Plume: Twitter, Simplified

When I first started using Twitter, I honestly didn’t know what I was doing or why I was even joining the service.  I knew that it was popular and so I decided to check it out. At first, I thought it was cool that I could follow my friends, but the more I started to use the service, the more I realized how it was much more than that. What used to be a way to communicate with friends is now more of a way to actually know what is going on in the world in an instant.

But if you are anything like me, you have followed a lot of people, companies, brands, news outlets, etc. to stay on top of the latest and greatest news that you are interested in. Sometimes we just want to cut through the noise and focus on the links that are important to us and not have to worry about what someone is eating today. Well, the developers of Plume have come out with an app that does just that; they can filter out the random posts about what people ate for breakfast and present you with the tweets that are more important to you.

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What Is Plume?

What you have to first understand about Plume is that it is not a full fledged Twitter client, but don’t let that detract you. What it does is scan your Twitter feed for tweets that have links in them and then presents you with those tweets so that you can read further. You can then open the links from within the app to read the article and you can save it for later reading as well.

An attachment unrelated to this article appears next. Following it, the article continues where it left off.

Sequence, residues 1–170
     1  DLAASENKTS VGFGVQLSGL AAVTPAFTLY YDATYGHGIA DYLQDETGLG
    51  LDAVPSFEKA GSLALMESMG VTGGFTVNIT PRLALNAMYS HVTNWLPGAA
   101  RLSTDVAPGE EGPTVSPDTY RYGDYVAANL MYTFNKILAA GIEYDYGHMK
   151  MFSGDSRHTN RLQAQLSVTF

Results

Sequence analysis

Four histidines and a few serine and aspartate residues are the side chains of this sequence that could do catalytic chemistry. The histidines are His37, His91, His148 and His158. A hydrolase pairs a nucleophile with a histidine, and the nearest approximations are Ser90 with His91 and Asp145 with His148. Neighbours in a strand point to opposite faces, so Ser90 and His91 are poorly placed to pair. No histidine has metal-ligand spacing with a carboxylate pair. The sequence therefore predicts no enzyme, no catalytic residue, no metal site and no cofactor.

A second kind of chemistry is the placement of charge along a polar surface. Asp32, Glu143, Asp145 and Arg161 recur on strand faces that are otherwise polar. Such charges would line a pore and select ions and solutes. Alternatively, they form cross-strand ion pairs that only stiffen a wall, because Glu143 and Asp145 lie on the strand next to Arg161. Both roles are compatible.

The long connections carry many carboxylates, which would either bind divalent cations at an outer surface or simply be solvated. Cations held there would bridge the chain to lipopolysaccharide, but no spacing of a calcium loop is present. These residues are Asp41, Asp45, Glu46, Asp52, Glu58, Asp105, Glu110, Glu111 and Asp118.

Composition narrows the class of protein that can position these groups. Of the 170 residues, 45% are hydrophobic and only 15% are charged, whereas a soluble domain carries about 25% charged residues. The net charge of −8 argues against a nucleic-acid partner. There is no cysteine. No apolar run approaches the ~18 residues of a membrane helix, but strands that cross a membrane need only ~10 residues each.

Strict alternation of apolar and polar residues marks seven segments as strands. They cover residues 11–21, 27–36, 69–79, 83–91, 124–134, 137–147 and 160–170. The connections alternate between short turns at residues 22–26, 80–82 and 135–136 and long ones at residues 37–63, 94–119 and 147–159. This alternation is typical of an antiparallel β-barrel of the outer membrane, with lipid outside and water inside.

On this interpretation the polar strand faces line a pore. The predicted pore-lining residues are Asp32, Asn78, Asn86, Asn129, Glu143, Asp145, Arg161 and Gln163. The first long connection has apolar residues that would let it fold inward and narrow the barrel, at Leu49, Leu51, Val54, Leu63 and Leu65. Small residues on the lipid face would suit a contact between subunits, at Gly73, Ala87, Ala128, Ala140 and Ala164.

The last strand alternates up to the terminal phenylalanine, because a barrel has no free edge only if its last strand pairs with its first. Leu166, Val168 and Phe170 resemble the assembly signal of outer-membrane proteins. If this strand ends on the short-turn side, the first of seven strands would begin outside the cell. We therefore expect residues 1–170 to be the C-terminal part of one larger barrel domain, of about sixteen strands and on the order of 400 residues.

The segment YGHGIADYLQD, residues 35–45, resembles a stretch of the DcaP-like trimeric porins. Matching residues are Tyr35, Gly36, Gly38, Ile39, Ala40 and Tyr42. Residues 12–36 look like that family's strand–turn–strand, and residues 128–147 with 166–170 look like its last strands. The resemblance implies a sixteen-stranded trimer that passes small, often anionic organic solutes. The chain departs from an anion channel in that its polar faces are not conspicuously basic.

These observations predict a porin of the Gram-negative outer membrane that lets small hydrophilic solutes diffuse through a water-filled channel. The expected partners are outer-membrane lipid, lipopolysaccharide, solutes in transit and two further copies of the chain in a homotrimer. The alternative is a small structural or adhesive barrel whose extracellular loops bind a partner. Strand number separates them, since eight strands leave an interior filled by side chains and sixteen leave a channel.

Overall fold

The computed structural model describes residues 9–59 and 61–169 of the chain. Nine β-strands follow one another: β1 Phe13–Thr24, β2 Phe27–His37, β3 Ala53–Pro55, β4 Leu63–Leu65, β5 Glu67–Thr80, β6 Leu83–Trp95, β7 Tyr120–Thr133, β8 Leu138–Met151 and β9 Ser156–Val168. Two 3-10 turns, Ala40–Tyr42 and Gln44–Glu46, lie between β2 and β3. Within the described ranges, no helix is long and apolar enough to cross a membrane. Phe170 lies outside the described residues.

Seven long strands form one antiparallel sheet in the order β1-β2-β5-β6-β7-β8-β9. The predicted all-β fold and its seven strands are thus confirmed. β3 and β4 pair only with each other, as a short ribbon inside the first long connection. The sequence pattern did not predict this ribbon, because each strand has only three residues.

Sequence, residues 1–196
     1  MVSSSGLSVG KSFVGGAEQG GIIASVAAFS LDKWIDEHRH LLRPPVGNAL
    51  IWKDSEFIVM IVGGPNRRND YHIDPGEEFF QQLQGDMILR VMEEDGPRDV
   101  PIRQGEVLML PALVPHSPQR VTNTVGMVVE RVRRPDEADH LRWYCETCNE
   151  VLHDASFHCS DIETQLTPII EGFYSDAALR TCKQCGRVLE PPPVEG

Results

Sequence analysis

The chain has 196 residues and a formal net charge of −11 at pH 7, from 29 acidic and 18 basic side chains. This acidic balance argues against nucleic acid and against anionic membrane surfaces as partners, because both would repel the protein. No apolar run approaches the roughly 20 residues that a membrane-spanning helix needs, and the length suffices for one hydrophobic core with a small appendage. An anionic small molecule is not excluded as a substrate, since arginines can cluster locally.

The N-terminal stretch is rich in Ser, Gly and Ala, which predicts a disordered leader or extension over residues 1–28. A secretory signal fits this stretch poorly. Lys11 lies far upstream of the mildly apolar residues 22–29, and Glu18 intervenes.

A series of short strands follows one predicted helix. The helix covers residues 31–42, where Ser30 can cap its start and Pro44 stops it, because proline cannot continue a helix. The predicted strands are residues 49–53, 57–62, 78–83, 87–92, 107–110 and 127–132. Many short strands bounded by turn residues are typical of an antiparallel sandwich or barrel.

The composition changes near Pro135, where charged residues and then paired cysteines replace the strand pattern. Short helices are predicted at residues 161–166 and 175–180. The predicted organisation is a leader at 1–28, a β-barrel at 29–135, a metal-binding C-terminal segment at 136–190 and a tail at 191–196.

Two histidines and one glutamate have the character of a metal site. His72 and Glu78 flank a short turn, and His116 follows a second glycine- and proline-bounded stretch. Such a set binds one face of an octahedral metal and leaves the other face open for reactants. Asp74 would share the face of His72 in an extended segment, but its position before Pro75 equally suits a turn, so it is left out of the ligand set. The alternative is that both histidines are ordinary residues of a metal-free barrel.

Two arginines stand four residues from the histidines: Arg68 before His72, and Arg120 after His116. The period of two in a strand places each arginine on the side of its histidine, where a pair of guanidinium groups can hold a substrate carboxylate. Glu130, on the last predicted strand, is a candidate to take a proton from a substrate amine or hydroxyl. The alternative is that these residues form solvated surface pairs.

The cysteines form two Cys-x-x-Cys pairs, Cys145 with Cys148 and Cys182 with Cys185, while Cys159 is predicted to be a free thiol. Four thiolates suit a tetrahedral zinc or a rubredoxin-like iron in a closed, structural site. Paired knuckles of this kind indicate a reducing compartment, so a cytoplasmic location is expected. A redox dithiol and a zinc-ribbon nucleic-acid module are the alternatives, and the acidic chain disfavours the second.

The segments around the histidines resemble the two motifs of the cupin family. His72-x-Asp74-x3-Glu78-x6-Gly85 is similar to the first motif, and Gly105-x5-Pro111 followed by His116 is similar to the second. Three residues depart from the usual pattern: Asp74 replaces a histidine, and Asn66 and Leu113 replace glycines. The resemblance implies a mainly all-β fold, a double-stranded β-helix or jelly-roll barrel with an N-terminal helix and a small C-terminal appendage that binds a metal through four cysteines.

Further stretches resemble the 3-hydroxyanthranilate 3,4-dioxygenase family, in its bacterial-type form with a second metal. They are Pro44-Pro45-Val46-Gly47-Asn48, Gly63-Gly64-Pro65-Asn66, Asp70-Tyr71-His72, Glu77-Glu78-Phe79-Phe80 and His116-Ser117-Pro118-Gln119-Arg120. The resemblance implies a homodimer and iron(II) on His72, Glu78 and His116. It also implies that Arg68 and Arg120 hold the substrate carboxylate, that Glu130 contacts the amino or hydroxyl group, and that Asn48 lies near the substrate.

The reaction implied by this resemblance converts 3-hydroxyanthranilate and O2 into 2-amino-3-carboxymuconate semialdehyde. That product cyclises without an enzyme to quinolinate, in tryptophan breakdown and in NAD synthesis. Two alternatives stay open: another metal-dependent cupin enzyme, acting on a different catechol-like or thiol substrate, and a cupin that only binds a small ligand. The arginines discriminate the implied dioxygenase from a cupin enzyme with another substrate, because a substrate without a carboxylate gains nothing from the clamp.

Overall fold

Plume Homepage

Plume Homepage

The Many Views of Plume

What I appreciate about Plume is that they give you multiple ways to look at your tweets, and not just a timeline. There is nothing wrong with a simple timeline (which they do give you by the way), but it is nice to have other options. Another view that you are given is one where you can see only the tweets that have yet to be read, which personally is my favorite option. That way I know exactly what I need to read and I don’t have to keep scrolling to find them. When I am finished I can click on the checkmark, and they are marked as viewed so I can move on.

Timeline View (left) Unread View (right)

Timeline View (left) Unread View (right)

Another view that you can use in Plume is what they call Feathers, which is similar to Twitter Lists. You can create them by adding users to the group and then Plume will pull in their tweets that have links associated with them. This is a good way to see your tweets on a specific topic and helps you further organize them for your benefit. If you are someone who has set up Twitter lists, then you can import them into Plume and not use this feature at all.

Adding users to Feather (left) Feather List (right)

Adding users to Feather (left) Feather List (right)

Finally, if you are in a hurry and you can only glace through your feed, they have a Save button where you can save an article for later reading. You can then go back later and look at all your saved articles in one view, which is nice to have especially if you don’t have much time during the day to read your links.

Reading, Saving and Sharing Articles